-chau is a colloquial form of -te shimau (-te shimau -> -chimau -> -chau)
-te shimau is used primarily to state completion in the near future.
(literally, shimau means to "get something finished")
Consequentially, it gives an impression that the stated action is unavoidable.
From this, -te shimau is used to express speaker's resolution (when stating the speaker's
intentional action) or regret (when the result is unintentional)
-kanaa? is used to add some uncertainty to the statement,
to soften the bluntness or to seek approval of others.
Very roughly, your examples translate like this:
Sorede kaeru = I'll go home after that
Sore de kaecchau = I'll be gone after that
sore de kaecchau kanaa? = (I think) I'll be gone after that. (Is it okay with you?)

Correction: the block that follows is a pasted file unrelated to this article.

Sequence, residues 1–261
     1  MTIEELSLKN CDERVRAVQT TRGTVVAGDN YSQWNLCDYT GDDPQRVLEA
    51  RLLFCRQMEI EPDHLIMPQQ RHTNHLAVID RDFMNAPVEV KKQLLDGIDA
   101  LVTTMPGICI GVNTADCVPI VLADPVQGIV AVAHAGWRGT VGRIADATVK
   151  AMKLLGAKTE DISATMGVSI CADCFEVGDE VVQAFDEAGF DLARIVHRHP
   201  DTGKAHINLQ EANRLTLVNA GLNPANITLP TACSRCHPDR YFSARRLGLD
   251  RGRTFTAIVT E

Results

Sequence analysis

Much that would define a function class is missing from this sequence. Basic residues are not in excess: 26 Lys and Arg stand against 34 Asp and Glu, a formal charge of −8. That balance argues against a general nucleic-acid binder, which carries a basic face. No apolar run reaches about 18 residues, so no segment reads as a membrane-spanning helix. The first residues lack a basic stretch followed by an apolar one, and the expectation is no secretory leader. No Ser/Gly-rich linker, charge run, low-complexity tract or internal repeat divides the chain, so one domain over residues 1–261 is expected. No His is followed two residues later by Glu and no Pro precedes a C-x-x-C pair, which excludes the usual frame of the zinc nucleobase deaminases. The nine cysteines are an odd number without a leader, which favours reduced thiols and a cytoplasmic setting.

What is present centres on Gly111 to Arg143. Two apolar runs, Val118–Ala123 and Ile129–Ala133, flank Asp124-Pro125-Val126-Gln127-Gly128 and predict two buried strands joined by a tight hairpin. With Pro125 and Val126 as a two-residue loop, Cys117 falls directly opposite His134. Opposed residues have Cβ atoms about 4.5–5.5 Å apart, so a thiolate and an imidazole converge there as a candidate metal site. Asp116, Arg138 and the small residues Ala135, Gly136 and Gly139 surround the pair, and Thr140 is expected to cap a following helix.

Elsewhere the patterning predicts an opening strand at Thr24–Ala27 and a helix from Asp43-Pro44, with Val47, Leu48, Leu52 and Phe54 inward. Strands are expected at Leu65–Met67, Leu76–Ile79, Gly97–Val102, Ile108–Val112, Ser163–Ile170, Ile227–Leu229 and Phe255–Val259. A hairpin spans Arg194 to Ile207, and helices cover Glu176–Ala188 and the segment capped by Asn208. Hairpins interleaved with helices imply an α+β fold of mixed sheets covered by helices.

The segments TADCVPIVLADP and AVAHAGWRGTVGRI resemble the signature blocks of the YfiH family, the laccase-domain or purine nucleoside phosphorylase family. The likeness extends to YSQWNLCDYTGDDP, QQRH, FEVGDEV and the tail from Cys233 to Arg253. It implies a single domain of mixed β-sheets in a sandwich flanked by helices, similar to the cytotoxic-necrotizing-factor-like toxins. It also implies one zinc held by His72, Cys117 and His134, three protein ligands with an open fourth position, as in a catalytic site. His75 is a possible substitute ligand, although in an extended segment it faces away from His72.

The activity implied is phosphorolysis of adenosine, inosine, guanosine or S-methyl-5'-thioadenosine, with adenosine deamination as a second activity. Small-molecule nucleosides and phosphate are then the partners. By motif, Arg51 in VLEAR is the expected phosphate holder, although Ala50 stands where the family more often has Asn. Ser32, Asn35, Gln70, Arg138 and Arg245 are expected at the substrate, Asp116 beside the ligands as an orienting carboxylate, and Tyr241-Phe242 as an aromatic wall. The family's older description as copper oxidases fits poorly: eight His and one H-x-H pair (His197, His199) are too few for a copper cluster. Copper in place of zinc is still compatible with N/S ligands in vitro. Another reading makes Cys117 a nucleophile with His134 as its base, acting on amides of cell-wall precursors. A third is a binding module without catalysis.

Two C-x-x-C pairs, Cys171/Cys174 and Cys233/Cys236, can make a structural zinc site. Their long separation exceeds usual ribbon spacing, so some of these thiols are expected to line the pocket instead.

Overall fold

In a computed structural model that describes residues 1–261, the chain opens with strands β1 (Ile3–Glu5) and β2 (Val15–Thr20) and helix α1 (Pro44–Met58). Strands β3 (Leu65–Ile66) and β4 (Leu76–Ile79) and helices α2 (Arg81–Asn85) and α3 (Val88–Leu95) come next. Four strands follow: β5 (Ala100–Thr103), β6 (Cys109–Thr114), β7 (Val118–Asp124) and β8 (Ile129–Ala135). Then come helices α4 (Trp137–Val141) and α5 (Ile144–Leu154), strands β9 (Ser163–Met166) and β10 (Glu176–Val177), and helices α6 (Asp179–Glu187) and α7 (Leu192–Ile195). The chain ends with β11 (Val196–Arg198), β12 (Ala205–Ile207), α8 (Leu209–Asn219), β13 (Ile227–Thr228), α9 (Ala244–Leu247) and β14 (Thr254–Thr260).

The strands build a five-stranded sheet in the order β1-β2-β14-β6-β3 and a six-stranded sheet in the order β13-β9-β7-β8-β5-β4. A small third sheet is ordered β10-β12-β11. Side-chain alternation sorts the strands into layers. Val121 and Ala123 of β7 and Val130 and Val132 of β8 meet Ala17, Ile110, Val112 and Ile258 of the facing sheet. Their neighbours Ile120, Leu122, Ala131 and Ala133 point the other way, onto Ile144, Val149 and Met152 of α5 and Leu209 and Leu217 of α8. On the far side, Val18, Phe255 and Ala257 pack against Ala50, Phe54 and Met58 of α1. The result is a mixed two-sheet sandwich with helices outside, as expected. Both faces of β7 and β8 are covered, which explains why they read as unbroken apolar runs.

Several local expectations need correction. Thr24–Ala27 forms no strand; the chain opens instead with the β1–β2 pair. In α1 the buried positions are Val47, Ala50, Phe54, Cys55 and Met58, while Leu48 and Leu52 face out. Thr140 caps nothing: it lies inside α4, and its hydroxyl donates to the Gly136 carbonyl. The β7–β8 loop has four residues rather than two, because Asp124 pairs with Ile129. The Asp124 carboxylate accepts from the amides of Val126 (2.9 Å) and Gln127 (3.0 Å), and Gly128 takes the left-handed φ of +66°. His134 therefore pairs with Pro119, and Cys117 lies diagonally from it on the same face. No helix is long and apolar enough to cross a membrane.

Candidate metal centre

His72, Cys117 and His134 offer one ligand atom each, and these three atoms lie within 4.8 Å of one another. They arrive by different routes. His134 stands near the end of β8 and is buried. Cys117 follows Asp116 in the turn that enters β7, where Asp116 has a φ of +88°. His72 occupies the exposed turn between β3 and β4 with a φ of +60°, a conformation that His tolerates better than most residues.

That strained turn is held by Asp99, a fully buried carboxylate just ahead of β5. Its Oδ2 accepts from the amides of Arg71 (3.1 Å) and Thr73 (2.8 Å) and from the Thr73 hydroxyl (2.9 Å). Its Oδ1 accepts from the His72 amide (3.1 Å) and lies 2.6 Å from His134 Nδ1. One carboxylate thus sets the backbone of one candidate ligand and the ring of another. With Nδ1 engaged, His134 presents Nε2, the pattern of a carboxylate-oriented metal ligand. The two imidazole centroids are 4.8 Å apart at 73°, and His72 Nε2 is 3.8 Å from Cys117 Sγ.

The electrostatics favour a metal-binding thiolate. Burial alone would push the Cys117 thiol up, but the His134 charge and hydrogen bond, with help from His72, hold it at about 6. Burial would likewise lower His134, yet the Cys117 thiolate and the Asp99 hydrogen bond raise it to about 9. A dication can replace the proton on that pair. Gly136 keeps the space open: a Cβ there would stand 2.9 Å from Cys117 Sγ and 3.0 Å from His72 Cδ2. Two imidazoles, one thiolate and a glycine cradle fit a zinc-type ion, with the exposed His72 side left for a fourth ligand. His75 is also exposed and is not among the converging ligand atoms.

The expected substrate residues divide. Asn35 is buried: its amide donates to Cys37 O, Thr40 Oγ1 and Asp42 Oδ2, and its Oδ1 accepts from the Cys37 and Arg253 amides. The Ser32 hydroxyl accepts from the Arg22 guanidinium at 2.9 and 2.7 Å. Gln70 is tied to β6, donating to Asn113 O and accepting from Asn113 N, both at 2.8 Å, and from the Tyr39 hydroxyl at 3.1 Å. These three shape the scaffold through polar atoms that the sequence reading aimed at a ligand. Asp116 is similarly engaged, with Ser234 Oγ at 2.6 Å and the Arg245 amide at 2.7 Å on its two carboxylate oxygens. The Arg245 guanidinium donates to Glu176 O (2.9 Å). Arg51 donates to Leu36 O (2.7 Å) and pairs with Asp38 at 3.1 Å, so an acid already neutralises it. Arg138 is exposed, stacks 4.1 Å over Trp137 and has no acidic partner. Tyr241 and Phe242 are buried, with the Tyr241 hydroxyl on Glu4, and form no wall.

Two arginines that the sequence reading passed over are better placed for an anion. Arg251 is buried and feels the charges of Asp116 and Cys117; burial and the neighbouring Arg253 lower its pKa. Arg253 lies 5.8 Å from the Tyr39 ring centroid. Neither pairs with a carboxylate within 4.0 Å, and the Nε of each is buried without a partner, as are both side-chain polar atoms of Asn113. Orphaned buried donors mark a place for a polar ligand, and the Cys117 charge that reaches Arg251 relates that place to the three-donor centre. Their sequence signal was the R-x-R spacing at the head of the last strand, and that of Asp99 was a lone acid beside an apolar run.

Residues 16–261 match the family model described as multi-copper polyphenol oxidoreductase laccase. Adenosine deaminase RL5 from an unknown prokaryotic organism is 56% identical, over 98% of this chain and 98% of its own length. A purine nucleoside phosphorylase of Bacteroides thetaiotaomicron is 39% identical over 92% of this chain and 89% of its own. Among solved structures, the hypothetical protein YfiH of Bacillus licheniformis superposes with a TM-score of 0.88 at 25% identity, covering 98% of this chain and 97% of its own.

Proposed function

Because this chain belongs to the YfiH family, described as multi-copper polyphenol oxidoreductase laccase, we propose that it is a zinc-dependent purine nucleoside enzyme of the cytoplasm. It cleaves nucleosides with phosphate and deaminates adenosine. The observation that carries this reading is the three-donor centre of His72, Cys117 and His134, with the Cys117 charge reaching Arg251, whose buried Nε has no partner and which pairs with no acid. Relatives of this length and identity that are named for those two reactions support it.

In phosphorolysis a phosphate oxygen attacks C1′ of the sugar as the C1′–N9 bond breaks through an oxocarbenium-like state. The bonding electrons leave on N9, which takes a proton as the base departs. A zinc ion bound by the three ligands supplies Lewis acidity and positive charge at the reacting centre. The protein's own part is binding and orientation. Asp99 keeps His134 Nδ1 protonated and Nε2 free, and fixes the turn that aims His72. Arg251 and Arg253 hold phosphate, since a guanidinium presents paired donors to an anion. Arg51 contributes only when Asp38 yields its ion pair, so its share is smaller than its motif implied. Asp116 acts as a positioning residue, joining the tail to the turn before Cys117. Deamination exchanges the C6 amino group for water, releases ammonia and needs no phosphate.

I suppose you're wondering Sorede kaeru vs Sorede kaecchau, or kaeru vs kaecchau.
Kaecchau is a casual form. And these pairs don't differ in meaning very much: either way they're suggesting that somebody will/end up going back to somewhere or home. Sorede is "And then,", suggesting the next step.
Sore de kaecchau kanaa?
This sounds to me like you're wondering that somebody will/may go back to somewhere or home. But I'm not sure, and that depends on your context.
We have an old manga called "Taiho Shichauzo", which says "I'm going to arrest you". Note that -chau varies with its use.